Star Maps |
directed by Miguel Arteta
(20th Century Fox, 1997)
Carlos dreams of signing autographs, but when he awakes, he's just another passenger on the bus to Los Angeles.
Fortunately, he has a job waiting for him in L.A. Unfortunately, it's not the one he wants: it's with his father, Pepe, the middle manager of a male prostitution ring.
Like the other young Mexican or Mexican-American youths who work for Pepe (Efrain Figueroa), Carlos (Douglas Spain) pretends to sell star maps -- maps that show the location of movie stars' homes -- on street corners. But unlike the others, he dreams of better things: a career in TV or movies.
His mother (Martha Velez), who's recovering from a mental breakdown, dreams, too. But she dreams when she's awake. And his sister, Maria (Lysa Flores), dreams of living a normal life -- no small fantasy given the family dynamic.
The first effort of writer-director Miguel Arteta, Star Maps is an offbeat film, a look at the dark underbelly of one of America's brightest cities, a place where the houses are pretty but the scene is not.
Pepe is easily the ugliest piece of the human landscape, a no-nonsense businessman who orders his mistress, Letta (Annette Murphy), to keep his son on the streets and out of the studios. Yet it's Pepe who gives Carlos the break he longs for, sending him a budding soap star named Jennifer (Kandeyce Jorden) for a client.
Carlos handles Jennifer's affairs all too well, and it isn't long before Jennifer demands that Carlos be written into the script. The writers' suggestions for him are nothing short of hilarious, but the satire is dead serious.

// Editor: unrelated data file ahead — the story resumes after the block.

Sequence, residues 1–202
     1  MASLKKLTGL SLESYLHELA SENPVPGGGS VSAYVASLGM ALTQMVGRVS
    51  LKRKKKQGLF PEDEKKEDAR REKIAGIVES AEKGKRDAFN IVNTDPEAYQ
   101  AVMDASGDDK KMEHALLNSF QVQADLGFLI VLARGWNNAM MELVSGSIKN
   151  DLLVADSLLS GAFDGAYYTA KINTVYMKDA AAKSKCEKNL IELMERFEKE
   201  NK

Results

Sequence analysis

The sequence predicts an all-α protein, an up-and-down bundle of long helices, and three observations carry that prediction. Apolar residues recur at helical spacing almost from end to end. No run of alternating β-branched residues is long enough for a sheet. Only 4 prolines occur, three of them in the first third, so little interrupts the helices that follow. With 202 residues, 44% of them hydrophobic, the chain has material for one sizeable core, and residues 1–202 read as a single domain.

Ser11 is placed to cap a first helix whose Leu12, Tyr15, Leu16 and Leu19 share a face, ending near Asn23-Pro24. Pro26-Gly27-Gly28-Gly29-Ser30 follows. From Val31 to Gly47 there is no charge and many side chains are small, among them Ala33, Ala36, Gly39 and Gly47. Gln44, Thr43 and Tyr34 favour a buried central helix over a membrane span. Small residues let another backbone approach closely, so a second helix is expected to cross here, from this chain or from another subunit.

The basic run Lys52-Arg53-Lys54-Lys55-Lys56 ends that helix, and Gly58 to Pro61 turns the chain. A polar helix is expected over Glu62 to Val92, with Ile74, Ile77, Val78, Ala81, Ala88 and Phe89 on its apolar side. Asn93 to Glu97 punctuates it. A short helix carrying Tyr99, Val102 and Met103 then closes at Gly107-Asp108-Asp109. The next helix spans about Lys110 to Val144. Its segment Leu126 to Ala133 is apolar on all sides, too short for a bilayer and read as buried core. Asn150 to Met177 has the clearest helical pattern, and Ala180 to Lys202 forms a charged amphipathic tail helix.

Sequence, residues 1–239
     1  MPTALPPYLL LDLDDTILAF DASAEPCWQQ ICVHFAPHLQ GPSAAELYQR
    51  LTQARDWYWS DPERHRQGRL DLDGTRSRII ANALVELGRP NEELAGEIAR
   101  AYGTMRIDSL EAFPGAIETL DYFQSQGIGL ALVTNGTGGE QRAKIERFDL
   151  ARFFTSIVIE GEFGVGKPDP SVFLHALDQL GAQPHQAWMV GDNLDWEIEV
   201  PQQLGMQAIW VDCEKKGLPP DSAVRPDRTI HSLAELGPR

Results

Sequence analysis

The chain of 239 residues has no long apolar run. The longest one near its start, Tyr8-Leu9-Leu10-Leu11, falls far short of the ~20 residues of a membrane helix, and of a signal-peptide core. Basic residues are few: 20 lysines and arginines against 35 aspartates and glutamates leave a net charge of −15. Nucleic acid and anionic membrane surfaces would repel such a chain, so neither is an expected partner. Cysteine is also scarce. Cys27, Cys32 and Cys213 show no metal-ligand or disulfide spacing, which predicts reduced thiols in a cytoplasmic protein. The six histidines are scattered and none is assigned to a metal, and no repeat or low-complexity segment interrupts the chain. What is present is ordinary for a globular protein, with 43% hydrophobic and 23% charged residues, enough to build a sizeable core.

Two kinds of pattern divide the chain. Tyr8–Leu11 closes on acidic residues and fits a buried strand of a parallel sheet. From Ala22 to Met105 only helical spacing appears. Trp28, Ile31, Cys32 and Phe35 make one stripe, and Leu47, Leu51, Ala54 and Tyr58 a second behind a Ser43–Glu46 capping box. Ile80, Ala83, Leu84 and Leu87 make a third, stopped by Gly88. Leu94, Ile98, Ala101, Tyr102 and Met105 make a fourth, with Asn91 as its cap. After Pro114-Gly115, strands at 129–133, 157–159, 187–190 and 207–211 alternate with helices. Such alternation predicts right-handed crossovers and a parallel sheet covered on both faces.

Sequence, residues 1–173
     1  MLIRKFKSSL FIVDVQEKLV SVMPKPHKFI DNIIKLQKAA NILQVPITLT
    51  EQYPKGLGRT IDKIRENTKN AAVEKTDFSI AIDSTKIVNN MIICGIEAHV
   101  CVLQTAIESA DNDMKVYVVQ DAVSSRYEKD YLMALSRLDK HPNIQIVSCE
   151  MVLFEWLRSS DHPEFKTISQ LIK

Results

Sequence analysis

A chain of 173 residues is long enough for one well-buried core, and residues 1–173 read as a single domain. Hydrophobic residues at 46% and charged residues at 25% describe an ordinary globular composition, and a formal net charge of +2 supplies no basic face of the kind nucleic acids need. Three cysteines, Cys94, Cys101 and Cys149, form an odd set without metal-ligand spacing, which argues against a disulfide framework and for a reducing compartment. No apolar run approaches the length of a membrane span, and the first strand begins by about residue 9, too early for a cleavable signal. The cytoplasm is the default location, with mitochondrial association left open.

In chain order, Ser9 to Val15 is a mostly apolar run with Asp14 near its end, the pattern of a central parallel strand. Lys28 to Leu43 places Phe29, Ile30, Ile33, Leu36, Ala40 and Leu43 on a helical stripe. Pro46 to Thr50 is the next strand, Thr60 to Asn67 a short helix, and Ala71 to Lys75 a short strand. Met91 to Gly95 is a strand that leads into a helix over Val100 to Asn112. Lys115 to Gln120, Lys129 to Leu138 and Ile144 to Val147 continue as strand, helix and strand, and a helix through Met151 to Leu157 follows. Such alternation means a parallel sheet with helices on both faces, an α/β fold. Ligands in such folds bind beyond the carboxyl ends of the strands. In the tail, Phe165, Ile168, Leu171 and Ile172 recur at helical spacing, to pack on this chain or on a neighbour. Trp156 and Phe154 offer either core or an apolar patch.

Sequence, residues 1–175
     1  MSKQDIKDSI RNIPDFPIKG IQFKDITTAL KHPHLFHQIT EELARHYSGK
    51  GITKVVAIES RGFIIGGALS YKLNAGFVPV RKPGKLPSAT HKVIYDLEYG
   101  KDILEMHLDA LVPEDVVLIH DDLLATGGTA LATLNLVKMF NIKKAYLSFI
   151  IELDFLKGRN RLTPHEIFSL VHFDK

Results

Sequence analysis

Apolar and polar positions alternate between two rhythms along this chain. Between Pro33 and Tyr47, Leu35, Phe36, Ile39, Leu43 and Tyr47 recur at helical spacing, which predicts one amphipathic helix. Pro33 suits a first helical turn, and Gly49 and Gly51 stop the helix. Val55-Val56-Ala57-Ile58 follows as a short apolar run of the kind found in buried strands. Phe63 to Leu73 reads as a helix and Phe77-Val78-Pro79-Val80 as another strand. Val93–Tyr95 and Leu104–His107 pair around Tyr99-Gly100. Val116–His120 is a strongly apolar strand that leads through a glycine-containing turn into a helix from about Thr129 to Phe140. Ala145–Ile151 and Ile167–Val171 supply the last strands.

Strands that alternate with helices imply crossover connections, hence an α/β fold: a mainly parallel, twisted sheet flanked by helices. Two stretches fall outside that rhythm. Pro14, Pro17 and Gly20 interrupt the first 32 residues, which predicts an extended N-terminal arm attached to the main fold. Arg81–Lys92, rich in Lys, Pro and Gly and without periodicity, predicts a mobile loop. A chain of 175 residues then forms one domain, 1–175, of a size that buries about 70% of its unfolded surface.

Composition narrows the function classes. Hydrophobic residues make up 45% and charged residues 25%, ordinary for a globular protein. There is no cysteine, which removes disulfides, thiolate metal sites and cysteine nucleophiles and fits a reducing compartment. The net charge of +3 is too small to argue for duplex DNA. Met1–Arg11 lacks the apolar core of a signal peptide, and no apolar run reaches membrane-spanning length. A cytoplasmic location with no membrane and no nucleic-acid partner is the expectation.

Star Maps was nominated for a whole host of Independent Spirit Awards, including Best Debut Performance for Flores and Spain; Best First Screenplay for Arteta; Best Supporting Male for Figueroa; and Best First Feature for Arteta and Matthew Greenfield, who produced it.
It's a brutal film, but it has moments of transcendent tenderness, especially between Maria and her mother. And it's a violent film, though much of the violence is hidden beneath the film's polished surface.
Mostly, however, it's a brooding film, as Carlos gets caught up in a game of "Who Do You Trust," and comes to the realization that exploitation is exploitation, regardless of the source.
That dual emphasis on theme and character make Star Maps an unusual offering in Hollywood, the very city where it's set. But it's a good one, full of odd bits and memorable dialog. And Letta's impromptu training seminar for Carlos is one hysterical jaw dropper.
With its ensemble cast, quick leaps from location to location and offbeat allusions (Maria has ongoing conversations with the late legendary Mexican film star Cantinflas), Star Maps can be a challenge to follow, especially in the early scenes.
But as the tension between Carlos and Pepe escalates into full-scale father-and-son combat, Arteta hits home with amazing accuracy. You'll want to be there when he arrives.